Keynote address by Minister Nxesi at the 26th Annual Nedlac Summit
7 December 2021

‘Recovering and Building Together’

Programme Director
The Executive Director of Nedlac and representatives of the social partners representing Labour, Business and Communities
Invited speakers:
o Prof Koleka Milisana
o Mr Valli Moosa
o Mr Mzwanele Ntshwanti
Members of the media
Ladies and gentlemen

Welcome all. This has been a difficult year – indeed, almost two years since the commencement of the pandemic and the lockdowns to curb the spread of the disease, as well as the economic pain that came in their wake.

In the first year of the pandemic GDP (Gross Domestic Product) fell by over 7% and we lost well over one million jobs. And the pain continues – reflected in the most recent StatsSA unemployment figures – rising to 34.9%.

Even as we meet today, it is in the shadow of the beginnings of the Fourth Wave – with early signs that the new Omicron variant is more infectious than the Delta variant – although the indications are that symptoms are milder – with hopefully a lower rate of hospitalisations and deaths.

The pandemic placed a heavy responsibility, not only upon government, but also on the social partners and Nedlac. I believe that in such periods of economic, social and political crisis that the need for social dialogue and strong institutions such as Nedlac becomes very apparent. 

And Nedlac rose to the occasion – facilitating an all-of-society response from the social partners in a number of areas:
Occupational health and safety regulations to safeguard the workplace from Covid-19. The evidence from the Compensation Fund is that the rate of infections in the workplace was much lower than in the community.

More recently – the social partners have taken up the issue of workplace initiatives to vaccinate employees, whilst also taking forward the debate on mandatory vaccination. Indeed, Cabinet referred this matter to Nedlac for input from the social partners. The point must be made that the issue of health and vaccinations goes far beyond the workplace, affecting all communities.

Nedlac social partners also engaged around income support for laid-off workers in the form of Covid19 Ters benefits. The UIF distributed over R60 billion – supporting distressed employers and reaching millions of laid-off workers, their families, and injecting cash into local economies across the country.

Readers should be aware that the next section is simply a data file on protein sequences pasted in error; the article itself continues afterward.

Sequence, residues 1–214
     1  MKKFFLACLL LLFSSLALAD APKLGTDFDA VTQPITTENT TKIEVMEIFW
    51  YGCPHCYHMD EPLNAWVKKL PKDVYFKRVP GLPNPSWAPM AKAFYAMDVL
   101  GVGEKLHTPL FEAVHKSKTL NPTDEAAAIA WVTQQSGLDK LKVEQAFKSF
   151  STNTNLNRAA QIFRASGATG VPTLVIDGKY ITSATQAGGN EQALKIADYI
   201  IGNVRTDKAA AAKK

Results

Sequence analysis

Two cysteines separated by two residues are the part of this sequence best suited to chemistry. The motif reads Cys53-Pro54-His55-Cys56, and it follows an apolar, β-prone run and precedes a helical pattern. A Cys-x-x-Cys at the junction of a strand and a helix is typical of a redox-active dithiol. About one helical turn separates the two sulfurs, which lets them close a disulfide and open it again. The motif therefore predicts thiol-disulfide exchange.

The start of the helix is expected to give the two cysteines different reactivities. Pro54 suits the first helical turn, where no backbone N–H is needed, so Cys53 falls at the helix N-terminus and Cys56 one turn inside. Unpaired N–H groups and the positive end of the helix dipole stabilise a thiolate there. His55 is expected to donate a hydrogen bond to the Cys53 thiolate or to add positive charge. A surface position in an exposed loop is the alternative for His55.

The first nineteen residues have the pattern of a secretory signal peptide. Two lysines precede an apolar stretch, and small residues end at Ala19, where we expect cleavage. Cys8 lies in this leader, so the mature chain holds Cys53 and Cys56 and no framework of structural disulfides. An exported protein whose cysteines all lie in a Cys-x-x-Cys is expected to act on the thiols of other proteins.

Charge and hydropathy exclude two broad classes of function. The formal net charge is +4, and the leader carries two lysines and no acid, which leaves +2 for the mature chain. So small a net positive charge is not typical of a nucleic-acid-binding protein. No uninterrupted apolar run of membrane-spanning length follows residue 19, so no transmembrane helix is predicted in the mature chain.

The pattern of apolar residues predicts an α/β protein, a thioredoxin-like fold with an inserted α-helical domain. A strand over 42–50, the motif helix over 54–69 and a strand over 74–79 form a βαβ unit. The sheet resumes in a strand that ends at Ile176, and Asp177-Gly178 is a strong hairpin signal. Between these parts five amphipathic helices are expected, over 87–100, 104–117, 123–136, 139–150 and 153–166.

Nedlac also facilitated input from the social partners into the President’s Economic Reconstruction and Recovery Plan (ERRP).

These areas remain priorities in particular:
The finalisation of discussions around mandatory vaccination. I believe that Nedlac has provided clear advice in this regard. I quote: “The Nedlac social partners represented in the Nedlac Rapid Response Task Team believe that the promotion of vaccines remains the most significant intervention to prevent further spread of Covid19 and lockdowns.  To intensify the vaccination programme and in response to the President’s call, they have had extensive and urgent discussion over the last week and made proposals to the government through the NatJoints that:
o The Health and Safety Direction of the Department of Employment of Labour should be strengthened so that vaccination can become mandatory where a risk assessment at the workplace requires this. 
o That access to certain venues, gatherings and events particularly in the hospitality sector should be restricted to vaccinated people only.
o Regulations on maximum capacity of gatherings/venues/events should be simplified, provision of ventilation added and enforcement strengthened so that social distancing can be adhered to.
 While, the social partners believe that vaccine mandates will pass constitutional scrutiny, they support the work of BUSA to get a declarator from the Constitutional Court in the New Year.
They understand that their proposals will be brought to the attention of the NCCC and other relevant government structures so that decisions can be made speedily to improve the vaccination rate and mitigate the negative impact of a fourth wave.” End quote.

As the President pointed out in his Newsletter yesterday, vaccination and combating Covid is inextricably bound up with economic recovery. A further continuing priority, therefore, is the need to speed up implementation of the ERRP anchored on the following: